The Israeli government argues that the settlements do not in fact violate international law. It argues that Article 49 of the Fourth Geneva Convention prevents the transfer of civilians into settlements in an occupied territory only if such settlements actually displace the local population. However this argument is somewhat flawed. The legal adviser to the United States State Department in a legal option on settlements in the Occupied Territories stated that Article 49 applies “whether or not harm is done by a particular transfer,” and that transfers of a belligerent occupant’s civilian population into occupied territory are broadly proscribed as beyond the scope of interim military administration”. The Israeli authorities also assert that it is allowed under the law of belligerent occupation to put in place security structures that protect the security of the State of Israel. The settlements contribute to these structures. While it is permissible for an occupying power to put in place measures that protect its security, most of the settlements that the Israelis have established do not appear to serve this purpose. Since 1967 various Israeli government have made arguments that relate to the ownership of the land on which the settlements are constructed. According to the law of belligerent occupation, who owns a certain parcel of land has no bearing in relation to the building of settlements. It is the actual transfer of a civilian population that is not permitted by the law.

 

We are aware that a number of Senators seems to support a balanced approach to finding a solution to the Palestine/Israel conflict. This notion of balance is a foreign concept to us. We believe that it just provides cover to those Israelis who support the military occupation. It fails to understand that this conflict is not between equals but between the occupier and the occupied. It is the direct result of Israel’s occupation of Palestinian territory. Therefore, there can be no talk of balance, at least not until the Israeli government ends the military occupation, complies with United Nations Security Council Resolution 242 to withdraw to pre-1967 borders, and makes way for the establishment of an independent, democratic and economically viable Palestinian state. Then, it might be appropriate to talk about balance. Until that happens, there is no good military occupation.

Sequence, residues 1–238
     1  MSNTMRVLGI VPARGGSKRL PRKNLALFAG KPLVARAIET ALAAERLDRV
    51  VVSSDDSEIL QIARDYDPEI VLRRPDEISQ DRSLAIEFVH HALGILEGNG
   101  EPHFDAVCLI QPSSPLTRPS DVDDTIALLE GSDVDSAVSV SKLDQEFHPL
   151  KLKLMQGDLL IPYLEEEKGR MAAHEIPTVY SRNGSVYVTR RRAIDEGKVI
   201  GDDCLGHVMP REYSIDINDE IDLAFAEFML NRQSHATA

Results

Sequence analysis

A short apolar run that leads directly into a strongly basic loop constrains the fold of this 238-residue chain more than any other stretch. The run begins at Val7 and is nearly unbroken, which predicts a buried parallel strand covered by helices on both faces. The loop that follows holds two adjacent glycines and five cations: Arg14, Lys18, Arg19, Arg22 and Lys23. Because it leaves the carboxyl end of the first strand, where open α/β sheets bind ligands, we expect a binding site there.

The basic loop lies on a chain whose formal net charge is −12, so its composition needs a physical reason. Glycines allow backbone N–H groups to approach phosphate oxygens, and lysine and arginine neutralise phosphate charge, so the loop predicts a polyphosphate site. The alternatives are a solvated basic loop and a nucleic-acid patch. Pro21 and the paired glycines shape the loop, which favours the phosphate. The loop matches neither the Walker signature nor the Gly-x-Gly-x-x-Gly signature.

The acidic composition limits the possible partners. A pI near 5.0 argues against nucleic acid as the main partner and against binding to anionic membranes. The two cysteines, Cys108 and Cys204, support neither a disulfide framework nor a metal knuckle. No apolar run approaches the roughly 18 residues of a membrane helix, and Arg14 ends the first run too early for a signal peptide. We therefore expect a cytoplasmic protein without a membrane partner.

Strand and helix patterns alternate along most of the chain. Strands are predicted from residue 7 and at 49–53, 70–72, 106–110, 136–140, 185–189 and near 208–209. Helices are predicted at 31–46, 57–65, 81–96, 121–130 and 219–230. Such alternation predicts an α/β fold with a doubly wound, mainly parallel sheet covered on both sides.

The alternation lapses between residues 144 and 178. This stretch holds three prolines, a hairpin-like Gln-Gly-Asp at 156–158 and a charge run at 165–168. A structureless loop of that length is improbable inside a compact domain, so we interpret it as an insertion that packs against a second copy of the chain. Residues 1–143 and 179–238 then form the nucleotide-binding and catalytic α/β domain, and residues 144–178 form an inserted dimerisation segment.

For the past fifty years, the international community has turned a blind eye as the State of Israel has demolished Palestinian homes and stolen their land to create a booming multimillion-dollar settlement undertaking. Goods worth millions of Euro manufactured in these settlements are exported annually, notwithstanding the fact that most countries have officially denounced the settlements as illegal under the Fourth Geneva Convention. Every country in the world including Israel has ratified the 1949 Geneva Conventions. States must respect and ensure respect for the Conventions in all situations. That is what they agreed to do when they ratified this treaty.  Countries that persist in assisting settlements to prosper economically are failing to honour their obligations under the Conventions to ensure that their actions and those of their citizens do not acknowledge the existence, validity, or legality of the settlements.

Sadly, in the case of both the Irish government and the European Union, an ongoing policy of appeasement towards the State of Israel (with an occasional face-saving condemnation of Israeli government actions) has been the order of the day. The abject failure of international diplomacy and its “balanced” approach” has only provided encouragement and comfort to the occupying power, permitting them to sidestep their obligations under international law and continue their illegal settlement activity.

The time has arrived for states including Ireland to take direct international action by imposing a complete ban on all products manufactured in settlement illegally constructed on Palestinian land. We in the Comhlamh Justice for Palestine Group believe that Senator Black’s bill in a step on the road to achieving such a ban. Therefore, we respectfully urge you to lend your support and ensure the passage of the bill.

Sincerely

 

Comhlamh Justice for Palestine Group



2 comments

  1. As a proud Irishman, I’m ASHAMED at this properganda. Palestine was only created in 1947. They tried to land garb Israel. At least recount the historical facts. Or are our politicians incapable of talking factually.

    • You have no shame John, so here is a history lesson for you.

      The first reference to the “Arab people” was in the Akkadian Monolith Inscription, and referred to the Bedouin who resided in Palestine in 2970 B.C.E. This long predates the entrance of the Amorites, often presumed to be the ancestors of the Isarelis, from Iraq in 2400 B.C.E. and the Hyksos pharaohs of the Second Intermediate Period (1650 – 1550 B.C.E.) who the Jewish Roman historian Flavius Josephus cited as the ancestors of the Israelis. It is more than 1700 years before the Egyptian Merneptah Stele 1213 – 1203 B.C.E which referenced Palestine.